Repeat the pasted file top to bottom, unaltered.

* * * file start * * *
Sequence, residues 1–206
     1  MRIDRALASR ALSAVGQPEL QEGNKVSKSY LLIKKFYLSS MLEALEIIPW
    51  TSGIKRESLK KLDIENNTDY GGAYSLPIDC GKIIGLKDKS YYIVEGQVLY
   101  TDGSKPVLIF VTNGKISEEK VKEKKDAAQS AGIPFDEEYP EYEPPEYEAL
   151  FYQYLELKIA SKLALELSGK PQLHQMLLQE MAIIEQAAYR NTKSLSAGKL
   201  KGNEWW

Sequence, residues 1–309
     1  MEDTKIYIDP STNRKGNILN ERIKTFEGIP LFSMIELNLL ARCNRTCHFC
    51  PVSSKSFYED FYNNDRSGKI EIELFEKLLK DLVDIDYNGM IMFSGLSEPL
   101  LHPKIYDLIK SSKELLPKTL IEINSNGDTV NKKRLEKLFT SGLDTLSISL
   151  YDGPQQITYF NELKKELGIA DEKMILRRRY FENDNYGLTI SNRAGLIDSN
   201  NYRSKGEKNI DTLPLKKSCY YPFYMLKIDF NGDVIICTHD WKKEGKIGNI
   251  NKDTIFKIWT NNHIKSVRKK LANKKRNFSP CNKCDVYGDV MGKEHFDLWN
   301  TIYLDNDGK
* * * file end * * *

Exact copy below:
Sequence, residues 1–206
     1  MRIDRALASR ALSAVGQPEL QEGNKVSKSY LLIKKFYLSS MLEALEIIPW
    51  TSGIKRESLK KLDIENNTDY GGAYSLPIDC GKIIGLKDKS YYIVEGQVLY
   101  TDGSKPVLIF VTNGKISEEK VKEKKDAAQS AGIPFDEEYP EYEPPEYEAL
   151  FYQYLELKIA SKLALELSGK PQLHQMLLQE MAIIEQAAYR NTKSLSAGKL
   201  KGNEWW

Sequence, residues 1–309
     1  MEDTKIYIDP STNRKGNILN ERIKTFEGIP LFSMIELNLL ARCNRTCHFC
    51  PVSSKSFYED FYNNDRSGKI EIELFEKLLK DLVDIDYNGM IMFSGLSEPL
   101  LHPKIYDLIK SSKELLPKTL IEINSNGDTV NKKRLEKLFT SGLDTLSISL
   151  YDGPQQITYF NELKKELGIA DEKMILRRRY FENDNYGLTI SNRAGLIDSN
   201  NYRSKGEKNI DTLPLKKSCY YPFYMLKIDF NGDVIICTHD WKKEGKIGNI
   251  NKDTIFKIWT NNHIKSVRKK LANKKRNFSP CNKCDVYGDV MGKEHFDLWN
   301  TIYLDNDGK